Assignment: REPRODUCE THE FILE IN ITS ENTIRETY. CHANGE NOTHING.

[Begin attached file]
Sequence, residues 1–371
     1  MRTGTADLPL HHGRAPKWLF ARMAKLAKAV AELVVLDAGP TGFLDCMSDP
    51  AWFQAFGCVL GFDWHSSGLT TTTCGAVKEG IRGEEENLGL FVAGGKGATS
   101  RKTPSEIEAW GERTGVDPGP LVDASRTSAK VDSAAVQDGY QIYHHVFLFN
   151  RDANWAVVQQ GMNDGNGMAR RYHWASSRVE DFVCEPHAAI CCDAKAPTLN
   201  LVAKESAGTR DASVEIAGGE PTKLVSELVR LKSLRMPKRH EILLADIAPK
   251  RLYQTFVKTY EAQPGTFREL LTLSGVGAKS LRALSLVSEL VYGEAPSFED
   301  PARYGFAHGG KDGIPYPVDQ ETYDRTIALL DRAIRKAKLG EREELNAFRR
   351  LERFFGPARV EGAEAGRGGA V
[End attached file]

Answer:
Sequence, residues 1–371
     1  MRTGTADLPL HHGRAPKWLF ARMAKLAKAV AELVVLDAGP TGFLDCMSDP
    51  AWFQAFGCVL GFDWHSSGLT TTTCGAVKEG IRGEEENLGL FVAGGKGATS
   101  RKTPSEIEAW GERTGVDPGP LVDASRTSAK VDSAAVQDGY QIYHHVFLFN
   151  RDANWAVVQQ GMNDGNGMAR RYHWASSRVE DFVCEPHAAI CCDAKAPTLN
   201  LVAKESAGTR DASVEIAGGE PTKLVSELVR LKSLRMPKRH EILLADIAPK
   251  RLYQTFVKTY EAQPGTFREL LTLSGVGAKS LRALSLVSEL VYGEAPSFED
   301  PARYGFAHGG KDGIPYPVDQ ETYDRTIALL DRAIRKAKLG EREELNAFRR
   351  LERFFGPARV EGAEAGRGGA V